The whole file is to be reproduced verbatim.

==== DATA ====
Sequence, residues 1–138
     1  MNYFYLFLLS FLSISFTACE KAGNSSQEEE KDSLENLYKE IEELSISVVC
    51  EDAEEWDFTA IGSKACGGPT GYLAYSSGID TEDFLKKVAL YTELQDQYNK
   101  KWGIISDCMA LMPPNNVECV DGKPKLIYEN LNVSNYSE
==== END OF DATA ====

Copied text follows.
Sequence, residues 1–138
     1  MNYFYLFLLS FLSISFTACE KAGNSSQEEE KDSLENLYKE IEELSISVVC
    51  EDAEEWDFTA IGSKACGGPT GYLAYSSGID TEDFLKKVAL YTELQDQYNK
   101  KWGIISDCMA LMPPNNVECV DGKPKLIYEN LNVSNYSE